The Transition

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Re: The Transition

Postby famattjr » Sun Mar 29, 2020 12:01 pm

h.harb wrote:You don't want my words for this approach. For this to be effective pick and use any words you like. First, you have to know what movement you are trying to trigger, for example, one of the Essentials. For fore/aft balance I use "pull", this reminds me to keep my inside foot back. That's an example. Pick the movements you want to keep happening and then choose a trigger word for yourself.


Interesting in that I have used the thought of "pull" myself as a reminder to keep that foot back. But lately I have gotten confused in as to whether is this a matter not of keeping it back, but of not letting it slide too far forward? And just keeping tension on it. Because that inside ski, as it enters the fall line and then comes around, does go ahead of the other ski and the knee goes ahead of the other knee. See that picture of Felix at "Check Point 11 Inside foot management all planes." viewtopic.php?f=27&t=4290
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Re: The Transition

Postby Max_501 » Tue Mar 31, 2020 12:15 pm

famattjr wrote:Interesting in that I have used the thought of "pull" myself as a reminder to keep that foot back. But lately I have gotten confused in as to whether is this a matter not of keeping it back, but of not letting it slide too far forward? And just keeping tension on it. Because that inside ski, as it enters the fall line and then comes around, does go ahead of the other ski and the knee goes ahead of the other knee. See that picture of Felix at "Check Point 11 Inside foot management all planes." viewtopic.php?f=27&t=4290



See this thread - Inside ski pullback
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Re: The Transition

Postby Vailsteve » Wed Apr 01, 2020 10:01 am

Somewhere I read on this forum about letting your skis actually slide forward a bit and THEN use a sharp pullback movement to initiate the turn. I can do this on a green/easy blue run...

I don't know if this is a good PMTS practice or not. But it IS fun to play with your skis. Lift/lighten, tip and "ride" the uphill little toe edge, release, let the skis slide forward and pull your feet back. It is this exaggerated fore/aft sliding movement that makes it clear to me I am actually pulling my feet back.

Essentially, it is Harald's static foot pullback drill but done dynamically while skiing.

As well, again for me, the foot pullback is what really sets up a turn in steeper terrain. The ski effortlessly comes right back across the fall line.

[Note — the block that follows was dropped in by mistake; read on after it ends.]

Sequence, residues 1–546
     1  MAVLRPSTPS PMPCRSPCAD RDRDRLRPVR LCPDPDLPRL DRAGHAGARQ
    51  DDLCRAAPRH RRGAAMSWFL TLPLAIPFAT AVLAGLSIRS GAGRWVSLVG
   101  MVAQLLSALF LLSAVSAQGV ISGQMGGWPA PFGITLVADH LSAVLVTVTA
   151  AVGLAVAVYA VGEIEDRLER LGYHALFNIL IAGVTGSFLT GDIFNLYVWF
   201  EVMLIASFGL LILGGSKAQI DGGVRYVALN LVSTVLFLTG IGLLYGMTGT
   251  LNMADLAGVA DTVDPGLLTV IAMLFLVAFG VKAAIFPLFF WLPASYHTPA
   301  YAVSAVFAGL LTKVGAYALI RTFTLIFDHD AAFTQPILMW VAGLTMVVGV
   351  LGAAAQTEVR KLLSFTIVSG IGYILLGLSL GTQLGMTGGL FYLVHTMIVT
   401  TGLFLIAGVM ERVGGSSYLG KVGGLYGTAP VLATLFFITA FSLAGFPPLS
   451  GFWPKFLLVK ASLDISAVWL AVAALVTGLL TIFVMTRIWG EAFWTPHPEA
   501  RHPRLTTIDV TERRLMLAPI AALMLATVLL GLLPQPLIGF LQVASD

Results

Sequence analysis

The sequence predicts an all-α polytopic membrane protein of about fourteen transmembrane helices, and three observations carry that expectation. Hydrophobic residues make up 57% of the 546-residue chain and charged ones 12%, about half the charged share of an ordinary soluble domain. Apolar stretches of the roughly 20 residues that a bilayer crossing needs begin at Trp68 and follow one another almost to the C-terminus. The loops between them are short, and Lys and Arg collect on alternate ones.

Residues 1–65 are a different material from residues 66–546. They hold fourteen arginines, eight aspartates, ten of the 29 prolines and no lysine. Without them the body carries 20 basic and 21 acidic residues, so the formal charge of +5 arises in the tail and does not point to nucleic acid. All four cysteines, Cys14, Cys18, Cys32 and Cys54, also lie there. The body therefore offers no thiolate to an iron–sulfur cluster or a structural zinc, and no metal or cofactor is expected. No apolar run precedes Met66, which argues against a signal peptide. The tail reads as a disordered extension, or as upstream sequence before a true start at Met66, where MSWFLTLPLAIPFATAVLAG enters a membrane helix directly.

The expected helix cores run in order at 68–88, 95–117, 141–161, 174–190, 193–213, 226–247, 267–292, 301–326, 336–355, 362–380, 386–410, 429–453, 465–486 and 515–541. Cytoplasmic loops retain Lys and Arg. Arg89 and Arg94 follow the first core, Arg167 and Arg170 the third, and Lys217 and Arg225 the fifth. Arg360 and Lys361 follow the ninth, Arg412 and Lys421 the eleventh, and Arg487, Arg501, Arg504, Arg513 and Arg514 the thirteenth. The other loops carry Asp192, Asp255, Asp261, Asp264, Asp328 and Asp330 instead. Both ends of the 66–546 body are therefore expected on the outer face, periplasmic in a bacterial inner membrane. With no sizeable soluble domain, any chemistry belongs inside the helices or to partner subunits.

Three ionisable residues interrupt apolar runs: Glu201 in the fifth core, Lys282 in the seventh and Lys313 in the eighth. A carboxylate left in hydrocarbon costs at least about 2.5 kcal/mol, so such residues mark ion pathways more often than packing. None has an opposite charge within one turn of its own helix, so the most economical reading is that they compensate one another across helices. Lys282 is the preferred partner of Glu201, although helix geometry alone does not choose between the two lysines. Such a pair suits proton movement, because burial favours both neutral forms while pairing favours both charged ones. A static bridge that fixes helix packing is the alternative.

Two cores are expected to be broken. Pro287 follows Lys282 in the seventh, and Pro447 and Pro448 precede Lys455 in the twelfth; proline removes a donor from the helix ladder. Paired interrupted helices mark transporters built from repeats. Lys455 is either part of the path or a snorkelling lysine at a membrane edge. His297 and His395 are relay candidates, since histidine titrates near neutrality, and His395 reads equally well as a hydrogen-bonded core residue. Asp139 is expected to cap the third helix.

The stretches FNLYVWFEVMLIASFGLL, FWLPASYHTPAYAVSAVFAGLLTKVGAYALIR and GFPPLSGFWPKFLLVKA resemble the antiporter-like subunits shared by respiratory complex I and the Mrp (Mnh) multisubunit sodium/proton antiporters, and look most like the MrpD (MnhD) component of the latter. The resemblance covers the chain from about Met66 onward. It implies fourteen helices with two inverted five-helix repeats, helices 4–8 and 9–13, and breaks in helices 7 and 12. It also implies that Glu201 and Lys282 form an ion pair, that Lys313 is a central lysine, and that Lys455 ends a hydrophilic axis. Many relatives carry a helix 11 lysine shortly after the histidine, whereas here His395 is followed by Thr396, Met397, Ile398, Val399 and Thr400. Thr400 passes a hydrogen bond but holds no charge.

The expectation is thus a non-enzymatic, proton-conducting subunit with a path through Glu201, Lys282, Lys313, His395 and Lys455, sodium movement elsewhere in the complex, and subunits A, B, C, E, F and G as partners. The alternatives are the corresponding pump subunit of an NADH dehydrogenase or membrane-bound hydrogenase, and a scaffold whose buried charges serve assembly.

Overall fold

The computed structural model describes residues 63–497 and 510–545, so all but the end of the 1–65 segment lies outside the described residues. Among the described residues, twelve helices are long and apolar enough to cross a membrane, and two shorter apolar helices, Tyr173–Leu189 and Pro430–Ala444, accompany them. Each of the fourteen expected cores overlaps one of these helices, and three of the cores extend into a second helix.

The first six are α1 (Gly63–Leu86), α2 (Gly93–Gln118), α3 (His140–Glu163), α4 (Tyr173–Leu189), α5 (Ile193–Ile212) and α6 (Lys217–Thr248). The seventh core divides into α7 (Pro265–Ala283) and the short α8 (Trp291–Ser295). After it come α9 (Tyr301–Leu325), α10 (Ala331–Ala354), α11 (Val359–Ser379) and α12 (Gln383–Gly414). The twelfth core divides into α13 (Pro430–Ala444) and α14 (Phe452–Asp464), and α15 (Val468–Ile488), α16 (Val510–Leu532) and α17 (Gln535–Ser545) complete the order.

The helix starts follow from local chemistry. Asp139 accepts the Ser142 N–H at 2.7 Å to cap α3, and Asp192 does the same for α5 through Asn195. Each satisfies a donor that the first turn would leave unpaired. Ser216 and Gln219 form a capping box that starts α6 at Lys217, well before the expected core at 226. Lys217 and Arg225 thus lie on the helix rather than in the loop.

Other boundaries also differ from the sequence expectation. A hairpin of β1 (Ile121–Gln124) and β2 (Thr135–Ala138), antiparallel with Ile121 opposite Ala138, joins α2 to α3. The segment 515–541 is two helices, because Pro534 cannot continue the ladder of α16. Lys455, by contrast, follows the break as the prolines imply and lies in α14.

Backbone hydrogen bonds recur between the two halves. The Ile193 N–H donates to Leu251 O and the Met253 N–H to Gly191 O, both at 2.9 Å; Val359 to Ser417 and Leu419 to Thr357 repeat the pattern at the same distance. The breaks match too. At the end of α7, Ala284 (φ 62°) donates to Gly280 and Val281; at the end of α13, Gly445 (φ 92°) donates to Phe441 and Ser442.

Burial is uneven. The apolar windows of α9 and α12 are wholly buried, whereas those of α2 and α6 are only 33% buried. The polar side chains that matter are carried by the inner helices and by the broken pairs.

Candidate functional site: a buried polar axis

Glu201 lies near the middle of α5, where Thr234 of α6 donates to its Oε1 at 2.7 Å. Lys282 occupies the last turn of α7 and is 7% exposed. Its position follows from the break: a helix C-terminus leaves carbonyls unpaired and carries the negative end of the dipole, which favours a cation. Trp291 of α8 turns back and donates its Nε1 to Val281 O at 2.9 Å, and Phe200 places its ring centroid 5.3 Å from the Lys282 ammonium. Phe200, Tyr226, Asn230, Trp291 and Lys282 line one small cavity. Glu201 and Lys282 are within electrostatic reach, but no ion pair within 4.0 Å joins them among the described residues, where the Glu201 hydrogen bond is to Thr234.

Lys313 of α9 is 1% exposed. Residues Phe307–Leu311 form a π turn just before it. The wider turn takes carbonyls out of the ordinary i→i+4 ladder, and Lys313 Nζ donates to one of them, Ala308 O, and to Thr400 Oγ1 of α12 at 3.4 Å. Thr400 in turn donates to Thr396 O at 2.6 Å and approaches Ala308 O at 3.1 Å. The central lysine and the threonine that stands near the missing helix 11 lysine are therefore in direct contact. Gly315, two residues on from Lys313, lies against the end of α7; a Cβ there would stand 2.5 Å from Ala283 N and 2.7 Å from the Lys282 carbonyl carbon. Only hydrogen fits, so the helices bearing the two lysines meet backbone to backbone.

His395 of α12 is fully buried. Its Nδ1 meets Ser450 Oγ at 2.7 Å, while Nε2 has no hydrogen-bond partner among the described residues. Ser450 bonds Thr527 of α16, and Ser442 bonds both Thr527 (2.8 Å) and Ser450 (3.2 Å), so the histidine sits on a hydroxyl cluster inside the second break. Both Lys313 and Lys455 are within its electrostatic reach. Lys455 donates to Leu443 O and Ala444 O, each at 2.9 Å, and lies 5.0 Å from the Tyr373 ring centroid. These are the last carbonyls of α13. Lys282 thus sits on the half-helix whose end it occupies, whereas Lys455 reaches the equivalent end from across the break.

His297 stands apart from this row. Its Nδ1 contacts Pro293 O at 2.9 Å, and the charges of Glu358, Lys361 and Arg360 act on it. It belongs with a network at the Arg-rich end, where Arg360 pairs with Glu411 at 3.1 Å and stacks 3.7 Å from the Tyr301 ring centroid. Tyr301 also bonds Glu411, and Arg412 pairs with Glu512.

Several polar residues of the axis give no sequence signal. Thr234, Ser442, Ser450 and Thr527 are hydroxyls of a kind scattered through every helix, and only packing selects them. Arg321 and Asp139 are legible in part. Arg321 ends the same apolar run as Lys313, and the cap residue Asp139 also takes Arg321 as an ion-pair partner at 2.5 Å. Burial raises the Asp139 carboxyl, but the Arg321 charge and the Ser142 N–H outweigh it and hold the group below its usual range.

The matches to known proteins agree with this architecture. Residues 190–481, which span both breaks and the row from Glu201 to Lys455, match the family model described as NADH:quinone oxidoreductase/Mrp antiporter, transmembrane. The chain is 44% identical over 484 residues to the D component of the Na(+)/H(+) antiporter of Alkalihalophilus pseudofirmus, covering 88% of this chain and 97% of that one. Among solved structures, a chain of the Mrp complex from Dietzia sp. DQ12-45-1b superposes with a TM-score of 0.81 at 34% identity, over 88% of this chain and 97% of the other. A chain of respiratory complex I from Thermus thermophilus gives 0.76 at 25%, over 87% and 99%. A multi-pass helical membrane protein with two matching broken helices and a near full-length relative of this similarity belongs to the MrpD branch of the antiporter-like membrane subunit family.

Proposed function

Now if only I could hold my CA and CB during the transition!!
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Re: The Transition

Postby HeluvaSkier » Wed Apr 01, 2020 10:28 am

Vailsteve wrote:Somewhere I read on this forum about letting your skis actually slide forward a bit and THEN use a sharp pullback movement to initiate the turn.


I'm pretty sure the fore/aft shuffle transition is referenced quite a bit in Essentials and the Essentials DVD series... isn't it?
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Re: The Transition

Postby Max_501 » Wed Apr 01, 2020 7:17 pm

Vailsteve wrote:Somewhere I read on this forum about letting your skis actually slide forward a bit and THEN use a sharp pullback movement to initiate the turn.


Expert movement used mainly in off piste skiing and racing.

http://www.pmts.org/pmtsforum/viewtopic ... 955#p40955
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Re: The Transition

Postby h.harb » Thu Apr 09, 2020 1:06 pm

First, in the Felix photo, he has the inside foot pulled back, this is evident by the tip of the ski touching. It may look like the inside ski is forward, but this is an illusion. Because his inside hip is forward the leg and ski look more forward relative to the outside ski. He is doing it perfectly. His hip position is also perfect CA.

The forward lean angle plays heavily into successful inside ski pullback maintenance. If your boot is too upright even for the load from the outside ski, you will never bend the boot forward enough with a light inside ski during pullback. This is where the majority of coaches get it all wrong about soft boots. I have said this many times before here and in my books and writings. You don't bend the plastic. You set up the boot for correct angles then you use it for support, not to bend it or flex it. Flexing a boot is just ridiculous.
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Re: The Transition

Postby Ken » Sun May 31, 2020 3:54 pm

blackthorn wrote:When I think about it, I haven't ever really used trigger words as such. However, I am going to try and see if they work for me when I ski in the northern hemisphere next month. Maybe I should do some dryland exercises on the slopeboard with skiboots on in the meantime.

I found this article fascinating. Are trigger words used as a distraction or a focus on the task in hand?
https://www.tandfonline.com/doi/full/10.1080/1750984X.2017.1408134

I think that for my skiing I tend to choke when things get difficult for me - so if trigger words help then that will be great. Obviously I also need to improve my movements at all levels.


Sometimes I'll show skiers what the movement looks like and ask them to describe it in their own words. If I don't agree with what they say we'll review it, and I'll ask for another word or phrase. When they come up with their word that gets the movement we're working on...that's their trigger word for good results.

Sometimes the choke results in delay of the needed movements; not much goes right after that. If that's the case then review the timing needed to make the necessary movements. Your trigger words might be something like, "Do ____ NOW!"
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